Monday, June 25, 2007

Shark Wrasslin' Covers

Long before the release of Jaws, sharks held a special place in the hearts of comic book cover artists. There are plenty of well-known covers out there featuring sharks, especially in titles that regularly feature undersea adventures. There is a whole sub genre (at least there is now!) of covers featuring a typically surface dwelling protagonist going Mano e Mano with a hungry shark.

Shark Wrasslin' Covers were particularly popular in the Golden Age, and perhaps the best remembered example is Lou Fine's cover to Hit Comics #5. Now, none of have ever read these early issues of Hit Comics, but we all know these covers through countless reproductions in Comic Book Marketplace, the Gerber Journals and various Ron Goulart books. OK, maybe this isn't a shark, but it sure ain't a marlin with those teeth. All we know is that it is a Killer Fish, but a very threatening pink underbelly. While it sure looks as though the Red Bee knows how to wrestle this shark, I'm a bit more concerned about those shackles around his ankles. This is the gold standard for Shark Wrasslin' covers.

Perhaps a little less well know, but highly desired by an psychotically obsessed corner of the Golden Age collectors market is Catman #33. LB Cole produced some of the greatest covers of the Golden Age, and his Catman covers are certainly among his best. We've got typically eye-catching Cole colour here, and a fish that certain looks more like a shark than the fish threatening the Red Bee. Catman is looking cool and confident and must be thrilled that he packed his the long knife that morning. Kitten (I am not making that up - that's her name) has the body language of someone out for a morning swim. Perhaps she is simply mesmerized by the school of exotic looking fish, who don't seem to even be the least be fazed by the action to their immediate right.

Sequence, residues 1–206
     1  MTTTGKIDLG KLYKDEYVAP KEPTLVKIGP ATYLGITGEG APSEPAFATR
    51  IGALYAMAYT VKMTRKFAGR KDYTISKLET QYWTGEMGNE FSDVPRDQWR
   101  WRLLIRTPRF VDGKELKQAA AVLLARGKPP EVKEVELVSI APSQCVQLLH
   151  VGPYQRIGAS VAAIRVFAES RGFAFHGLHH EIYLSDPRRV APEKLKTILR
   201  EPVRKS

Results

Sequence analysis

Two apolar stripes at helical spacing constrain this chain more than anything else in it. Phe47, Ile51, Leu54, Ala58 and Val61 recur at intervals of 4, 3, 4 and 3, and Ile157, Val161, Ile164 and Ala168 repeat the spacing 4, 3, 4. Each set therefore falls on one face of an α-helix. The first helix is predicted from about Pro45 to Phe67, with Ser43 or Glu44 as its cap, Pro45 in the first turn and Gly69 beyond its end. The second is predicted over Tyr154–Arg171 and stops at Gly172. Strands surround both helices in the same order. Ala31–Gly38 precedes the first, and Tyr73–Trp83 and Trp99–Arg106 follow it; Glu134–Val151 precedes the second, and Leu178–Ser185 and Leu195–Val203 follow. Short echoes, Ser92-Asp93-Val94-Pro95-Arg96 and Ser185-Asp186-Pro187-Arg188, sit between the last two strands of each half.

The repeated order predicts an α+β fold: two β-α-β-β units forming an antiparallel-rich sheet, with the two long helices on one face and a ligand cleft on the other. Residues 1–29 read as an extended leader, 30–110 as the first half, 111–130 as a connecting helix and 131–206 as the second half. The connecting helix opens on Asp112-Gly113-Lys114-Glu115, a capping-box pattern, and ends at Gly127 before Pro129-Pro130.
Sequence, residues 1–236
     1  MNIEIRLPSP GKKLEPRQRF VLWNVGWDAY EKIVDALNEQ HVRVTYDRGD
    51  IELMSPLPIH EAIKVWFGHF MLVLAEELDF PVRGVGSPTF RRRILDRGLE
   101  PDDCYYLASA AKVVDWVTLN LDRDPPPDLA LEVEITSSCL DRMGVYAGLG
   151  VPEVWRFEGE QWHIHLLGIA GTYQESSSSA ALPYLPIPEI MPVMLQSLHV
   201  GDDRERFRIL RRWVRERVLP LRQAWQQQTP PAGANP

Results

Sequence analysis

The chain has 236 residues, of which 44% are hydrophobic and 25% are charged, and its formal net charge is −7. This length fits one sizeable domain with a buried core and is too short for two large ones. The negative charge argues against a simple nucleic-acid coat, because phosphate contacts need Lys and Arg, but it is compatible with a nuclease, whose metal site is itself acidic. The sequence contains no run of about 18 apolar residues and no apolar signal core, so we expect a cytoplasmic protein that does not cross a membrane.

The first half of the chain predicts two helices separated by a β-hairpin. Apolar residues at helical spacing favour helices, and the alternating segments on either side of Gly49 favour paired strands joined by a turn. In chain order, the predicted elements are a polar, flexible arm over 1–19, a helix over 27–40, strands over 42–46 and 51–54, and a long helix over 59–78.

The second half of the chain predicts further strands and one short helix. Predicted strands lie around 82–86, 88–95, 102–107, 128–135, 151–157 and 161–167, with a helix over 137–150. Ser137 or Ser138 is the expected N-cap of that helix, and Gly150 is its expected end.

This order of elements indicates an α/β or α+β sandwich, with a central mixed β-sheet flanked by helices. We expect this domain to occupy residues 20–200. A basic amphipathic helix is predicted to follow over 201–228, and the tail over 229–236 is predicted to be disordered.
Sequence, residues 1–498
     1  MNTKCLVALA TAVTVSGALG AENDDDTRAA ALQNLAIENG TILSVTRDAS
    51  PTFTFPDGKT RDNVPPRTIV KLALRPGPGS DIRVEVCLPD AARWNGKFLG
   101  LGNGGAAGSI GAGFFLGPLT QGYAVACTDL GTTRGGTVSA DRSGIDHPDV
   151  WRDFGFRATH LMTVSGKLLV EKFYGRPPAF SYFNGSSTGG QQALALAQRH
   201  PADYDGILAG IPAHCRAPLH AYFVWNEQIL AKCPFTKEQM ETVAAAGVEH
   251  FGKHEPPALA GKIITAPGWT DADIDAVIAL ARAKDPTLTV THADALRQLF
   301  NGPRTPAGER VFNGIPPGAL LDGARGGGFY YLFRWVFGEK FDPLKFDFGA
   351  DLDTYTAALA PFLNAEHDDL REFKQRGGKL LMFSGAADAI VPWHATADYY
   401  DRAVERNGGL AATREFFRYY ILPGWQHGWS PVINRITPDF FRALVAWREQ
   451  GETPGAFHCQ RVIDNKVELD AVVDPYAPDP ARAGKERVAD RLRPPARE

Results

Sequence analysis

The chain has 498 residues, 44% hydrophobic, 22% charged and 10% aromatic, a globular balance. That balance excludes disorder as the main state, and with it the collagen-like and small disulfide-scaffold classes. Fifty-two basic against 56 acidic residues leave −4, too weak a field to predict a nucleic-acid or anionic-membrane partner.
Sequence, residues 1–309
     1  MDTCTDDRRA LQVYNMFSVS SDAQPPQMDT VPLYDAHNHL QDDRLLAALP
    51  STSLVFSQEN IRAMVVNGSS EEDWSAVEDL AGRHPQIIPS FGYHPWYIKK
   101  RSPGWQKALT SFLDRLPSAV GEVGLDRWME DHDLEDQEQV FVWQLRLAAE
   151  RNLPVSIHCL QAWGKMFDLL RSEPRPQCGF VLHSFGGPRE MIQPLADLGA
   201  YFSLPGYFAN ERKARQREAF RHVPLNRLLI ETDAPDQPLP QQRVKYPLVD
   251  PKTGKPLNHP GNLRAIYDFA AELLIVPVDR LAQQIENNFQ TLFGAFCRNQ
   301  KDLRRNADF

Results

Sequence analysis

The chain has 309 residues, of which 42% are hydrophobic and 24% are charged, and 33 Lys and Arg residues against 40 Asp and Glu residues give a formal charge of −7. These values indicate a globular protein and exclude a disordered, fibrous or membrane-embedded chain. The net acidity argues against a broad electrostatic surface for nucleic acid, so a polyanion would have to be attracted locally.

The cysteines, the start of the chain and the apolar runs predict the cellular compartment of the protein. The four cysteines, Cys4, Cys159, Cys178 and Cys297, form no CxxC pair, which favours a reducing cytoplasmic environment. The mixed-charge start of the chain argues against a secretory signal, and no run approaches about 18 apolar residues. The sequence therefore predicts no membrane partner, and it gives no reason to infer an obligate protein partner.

I've never actually had the pleasure (is that the right word?) of reading a copy of Supersnipe Comics, but from what I can gather, it involves the Walter Mittyesque adventures of a young Jerry Bails. If you've ever scanned the GCD or Gerber cover galleries, you'll know that Supersnipe has some of the strangest covers of the Golden Age, and that's saying quite a bit. This seems to be the same shark that attacked Catman and Kitten, and his looking to feast of swimmers. Luckily, Supersnipe and his tiny, tiny head has arrived just in time to make the waters safe once again. While I like the overall vibe of this cover from kitschy perspective, Messrs. Fine and Cole needn't have worried about losing their livelihoods.

When I first saw this next cover, a couple of questions came to mind. Firstly, what is the Shadow doing wrestling a shark? Second, does he always wear just a bright, white shirt under his cape? Finally, did everyone in the 40s walk around with a knife in their pockets? The thing I like most about this particular covers is that this actually looks like a shark - no pink underbelly, no goofy upside-down smile. Again, we've got a school of disinterested fish, but what I really loved about this particular cover is the fact that the Shadow's fedora didn't pop off the minute he hit the water's surface, but somehow has only been loosened once the shark fight got underway. A great cover that loses a few points due to the presence of the floating heads of the pseudo-Newsboy Legion.